Additive CNS depression with other CNS depressants, including alcohol, antihistamines, antidepressants, opioid analgesics, and sedative/hypnotics.May increase the liver metabolism and decrease the effectiveness of other drugs including amiodarone, benzodiazepines, bupropion, calcium channel blockers, carbamazepine, citalopram, clarithromycin, cyclosporine, erythromycin, fluoxetine, fluvoxamine, glipizide, hormonal contraceptives, losartan, methadone, mirtazapine, nateglinide, nefazodone, nevirapine, phenytoin, pioglitazone, promethazine, propranolol, protease inhibitors, proton pump inhibitors, rifampin, ropinirole, rosiglitazone, selegiline, sertraline, tacrolimus, theophylline, venlafaxine, voriconazole, warfarin, and zafirlukast.MAO inhibitors, felbamate, primidone, and valproic acid may prevent metabolism and increase the effectiveness of butalbital.May increase the effect of warfarin, oral antidiabetic agents, insulin, 6–mercaptopurine, methotrexate, and NSAIDS.May decrease the effect of probenecid.St. John’s wort may decrease barbiturate effect.Concurrent use of kava kava, valerian, skullcap, chamomile, or hops can increase CNS depression.

Route/Dosage

Oral (Adults) 1–2 capsules or tablets (50–100 mg butalbital) every 4 hr as needed for pain (should not exceed 6 tablets or capsules/24 hr).

Availability (generic available)

Tablets: 50 mg butalbital/325 mg aspirin/40 mg caffeine
Capsules: 50 mg butalbital/325 mg aspirin/40 mg caffeine
In combination with: codeine. See combination drugs.

Nursing implications

Nursing assessment

  • Assess type, location, and intensity of pain before and 60 min following administration.
  • Prolonged use may lead to physical and psychological dependence and tolerance. This should not prevent patient from receiving adequate analgesia. Most patients who receive butalbital compound for pain do not develop psychological dependence.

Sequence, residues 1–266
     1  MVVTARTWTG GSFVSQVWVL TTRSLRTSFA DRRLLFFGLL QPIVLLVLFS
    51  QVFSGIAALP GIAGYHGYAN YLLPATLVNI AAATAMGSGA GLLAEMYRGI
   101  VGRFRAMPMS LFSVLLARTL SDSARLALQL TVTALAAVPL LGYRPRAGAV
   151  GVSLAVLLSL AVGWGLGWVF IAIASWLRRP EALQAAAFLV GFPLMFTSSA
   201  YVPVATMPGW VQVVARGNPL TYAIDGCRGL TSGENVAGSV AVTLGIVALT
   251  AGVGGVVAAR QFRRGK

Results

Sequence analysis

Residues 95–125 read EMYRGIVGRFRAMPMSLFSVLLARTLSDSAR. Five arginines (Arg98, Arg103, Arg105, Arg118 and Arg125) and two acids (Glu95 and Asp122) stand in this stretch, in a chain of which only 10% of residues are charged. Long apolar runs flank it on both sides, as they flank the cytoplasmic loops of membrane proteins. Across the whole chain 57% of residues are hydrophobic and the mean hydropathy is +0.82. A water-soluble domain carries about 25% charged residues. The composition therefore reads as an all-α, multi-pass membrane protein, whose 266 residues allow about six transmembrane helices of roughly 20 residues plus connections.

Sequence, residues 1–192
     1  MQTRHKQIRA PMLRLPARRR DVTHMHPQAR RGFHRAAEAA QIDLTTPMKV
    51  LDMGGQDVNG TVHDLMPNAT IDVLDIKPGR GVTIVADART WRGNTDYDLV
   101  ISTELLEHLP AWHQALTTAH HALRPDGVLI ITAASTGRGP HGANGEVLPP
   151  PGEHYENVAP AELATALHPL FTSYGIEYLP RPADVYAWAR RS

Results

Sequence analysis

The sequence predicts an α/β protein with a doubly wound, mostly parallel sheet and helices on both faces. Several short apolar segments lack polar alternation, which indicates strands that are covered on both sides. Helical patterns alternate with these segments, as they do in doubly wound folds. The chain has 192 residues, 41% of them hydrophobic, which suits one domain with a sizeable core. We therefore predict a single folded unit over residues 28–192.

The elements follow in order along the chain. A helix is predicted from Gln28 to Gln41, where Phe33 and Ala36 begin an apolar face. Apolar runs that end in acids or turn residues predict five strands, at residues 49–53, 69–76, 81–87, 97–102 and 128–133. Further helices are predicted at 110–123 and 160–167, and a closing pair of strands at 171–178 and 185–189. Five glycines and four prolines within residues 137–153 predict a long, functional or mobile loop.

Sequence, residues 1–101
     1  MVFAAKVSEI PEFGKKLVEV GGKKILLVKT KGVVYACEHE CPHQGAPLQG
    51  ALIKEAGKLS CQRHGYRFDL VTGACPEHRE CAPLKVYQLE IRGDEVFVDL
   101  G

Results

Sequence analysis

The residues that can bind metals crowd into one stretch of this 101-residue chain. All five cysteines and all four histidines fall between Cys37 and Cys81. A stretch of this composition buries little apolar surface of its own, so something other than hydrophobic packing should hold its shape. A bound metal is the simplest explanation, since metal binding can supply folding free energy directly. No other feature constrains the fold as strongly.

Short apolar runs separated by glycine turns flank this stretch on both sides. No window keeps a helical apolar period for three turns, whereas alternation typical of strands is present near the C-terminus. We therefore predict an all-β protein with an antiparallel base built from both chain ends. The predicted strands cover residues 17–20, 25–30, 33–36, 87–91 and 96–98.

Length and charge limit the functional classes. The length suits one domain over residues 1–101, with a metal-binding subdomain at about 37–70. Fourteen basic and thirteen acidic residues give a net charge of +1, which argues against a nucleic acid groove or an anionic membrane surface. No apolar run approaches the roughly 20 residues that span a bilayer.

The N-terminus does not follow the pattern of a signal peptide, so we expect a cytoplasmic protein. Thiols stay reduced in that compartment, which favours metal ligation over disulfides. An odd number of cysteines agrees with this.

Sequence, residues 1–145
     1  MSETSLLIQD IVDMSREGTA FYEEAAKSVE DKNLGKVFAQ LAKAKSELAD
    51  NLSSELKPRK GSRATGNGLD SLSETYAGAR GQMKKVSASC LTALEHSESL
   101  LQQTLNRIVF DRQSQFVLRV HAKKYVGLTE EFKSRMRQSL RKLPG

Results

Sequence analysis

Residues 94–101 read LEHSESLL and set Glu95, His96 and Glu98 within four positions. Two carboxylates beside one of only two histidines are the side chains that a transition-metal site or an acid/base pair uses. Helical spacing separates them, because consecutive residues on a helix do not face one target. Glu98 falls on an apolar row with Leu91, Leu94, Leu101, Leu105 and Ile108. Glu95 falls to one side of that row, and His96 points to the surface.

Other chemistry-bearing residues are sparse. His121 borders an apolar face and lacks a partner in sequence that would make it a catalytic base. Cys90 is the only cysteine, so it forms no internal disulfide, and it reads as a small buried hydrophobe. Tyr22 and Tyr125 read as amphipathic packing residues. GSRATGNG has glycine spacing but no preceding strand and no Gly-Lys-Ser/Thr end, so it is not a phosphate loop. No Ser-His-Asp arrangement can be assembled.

• Assess frequency of use. Frequent, chronic use may lead to daily headaches in headache-prone individuals because of physical dependence on caffeine and other components. Chronic headaches from overmedication are difficult to treat and may require hospitalization for treatment and prophylaxis.

Potential Nursing Diagnoses

Acute pain (Indications)
Risk for injury (Side Effects)

Implementation

  • Do not confuse Fiorinal with Fioricet.
  • Explain therapeutic value of medication before administration to enhance the analgesic effect.
  • Regularly administered doses may be more effective than prn administration. Analgesic is more effective if given before pain becomes severe.
  • Medication should be discontinued gradually after long-term use to prevent withdrawal symptoms.
  • Oral: Should be administered with food, milk, or a full glass of water to minimize GI irritation.

Patient/Family Teaching

  • Instruct patient to take medication exactly as directed. Do not increase dose because of the habit-forming potential of butalbital. If medication appears less effective after a few weeks, consult health care professional. The dose of aspirin should not exceed the maximum recommended daily dose of 4 g/day. Chronic excessive use of >4 g/day (2 g in chronic alcoholism) may lead to hepatotoxicity, renal or cardiac damage.